Creativity & Full Bucket Syndrome

As leaders, we value creativity and innovation, largely because they lead to relevant, financially viable organizations in the long-term. So why do we then do everything in our power to quash creativity in most organizations? While fear may be a primary reason, I suspect that we also value efficiency more than we value creativity.

Imagine your daily to do list and calendar of meetings as pile of rocks, pebbles and sand. Add in the list for your personal life and all of the random things that wander through your mind. Now add the daily chores of life – sleeping, showers, cooking, bathroom breaks, grocery shopping, etc. By now you have a huge pile of rocks, pebbles and sand.  The hours you have in a day have a finite limit. So imagine your day (or week) as a bucket.  Now pile in all of the pebbles, rocks and sand. If you are like most of us, you have a full bucket. Most of us look at the full bucket as a badge of honour. We’re very busy, so we must be important. We’re incredibly efficient. Every spare minute is taken up with something – texting, tweeting while driving, or walking.

The problem with full bucket syndrome (FBS), is that the bucket will break or overflow if we try to add more. How does this relate to creativity? In order to be creative, we need mental and physical space.  Time to let our minds wander, time to develop an idea to the point that it is ready to be unveiled, to be shared, to be collaborated upon. When your bucket is so full it can’t take another thing, you have eliminated serendipity – the random, the spark that you can mull over.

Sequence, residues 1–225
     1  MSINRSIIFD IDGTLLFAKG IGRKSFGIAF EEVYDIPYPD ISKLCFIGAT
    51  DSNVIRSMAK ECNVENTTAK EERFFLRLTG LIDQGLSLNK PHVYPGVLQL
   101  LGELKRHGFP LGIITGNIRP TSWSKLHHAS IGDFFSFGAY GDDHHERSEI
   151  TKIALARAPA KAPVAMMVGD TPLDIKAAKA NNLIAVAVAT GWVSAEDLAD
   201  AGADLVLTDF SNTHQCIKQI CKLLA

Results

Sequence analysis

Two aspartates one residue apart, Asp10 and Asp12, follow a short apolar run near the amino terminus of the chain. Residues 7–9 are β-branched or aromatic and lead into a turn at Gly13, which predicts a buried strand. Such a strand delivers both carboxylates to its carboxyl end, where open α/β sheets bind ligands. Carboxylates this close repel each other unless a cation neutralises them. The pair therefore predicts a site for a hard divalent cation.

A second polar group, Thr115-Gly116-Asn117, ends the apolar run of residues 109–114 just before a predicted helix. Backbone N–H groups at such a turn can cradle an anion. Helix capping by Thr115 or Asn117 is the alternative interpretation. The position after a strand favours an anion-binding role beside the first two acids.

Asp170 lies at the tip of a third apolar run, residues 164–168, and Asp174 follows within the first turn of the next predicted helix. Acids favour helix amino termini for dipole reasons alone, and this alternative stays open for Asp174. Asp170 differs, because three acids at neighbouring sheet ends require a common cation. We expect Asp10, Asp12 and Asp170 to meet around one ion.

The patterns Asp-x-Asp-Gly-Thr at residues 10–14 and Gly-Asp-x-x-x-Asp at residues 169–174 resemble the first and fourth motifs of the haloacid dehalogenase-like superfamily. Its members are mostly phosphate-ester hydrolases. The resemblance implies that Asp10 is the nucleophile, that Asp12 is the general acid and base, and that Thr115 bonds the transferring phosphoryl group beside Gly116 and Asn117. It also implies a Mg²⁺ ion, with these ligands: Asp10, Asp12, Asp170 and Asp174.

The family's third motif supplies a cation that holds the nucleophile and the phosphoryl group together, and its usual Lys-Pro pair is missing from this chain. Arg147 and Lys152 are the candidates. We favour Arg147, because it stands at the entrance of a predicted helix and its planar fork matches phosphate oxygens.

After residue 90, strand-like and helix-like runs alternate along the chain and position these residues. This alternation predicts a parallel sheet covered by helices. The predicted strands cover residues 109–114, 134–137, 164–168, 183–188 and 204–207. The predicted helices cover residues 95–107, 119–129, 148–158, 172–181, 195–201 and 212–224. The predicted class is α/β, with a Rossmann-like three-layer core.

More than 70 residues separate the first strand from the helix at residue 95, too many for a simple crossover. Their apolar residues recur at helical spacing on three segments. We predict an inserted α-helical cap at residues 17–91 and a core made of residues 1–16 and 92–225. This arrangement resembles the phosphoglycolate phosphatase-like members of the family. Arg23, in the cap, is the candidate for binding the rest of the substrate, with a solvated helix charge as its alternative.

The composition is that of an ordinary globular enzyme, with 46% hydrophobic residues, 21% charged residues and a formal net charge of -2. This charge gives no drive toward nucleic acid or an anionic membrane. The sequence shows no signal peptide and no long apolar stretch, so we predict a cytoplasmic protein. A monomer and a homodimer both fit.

Creativity takes time.  According to Sarah Lewis, the author of The Rise: Creativity, the Gift of Failure and the Search for Mastery, Thomas Edison once said to an assistant, who was appalled by the number of failed attempts at creating the light bulb, “I have not failed, I have just found 10,000 ways that won’t work. When we are exploring new territory, we often make mistakes. Mistakes take time. Which is why managers often punish failure, because failure is costly and inefficient. So how do we create a culture that values failure – at least the good kind, the kind that we learned from?

How do we foster creativity? First, by giving ourselves the time and space to be creative.  The next time you decide to add some more rocks to your bucket (or to someone else’s), think about whether you have the space to be creative, to think, wonder and ponder.


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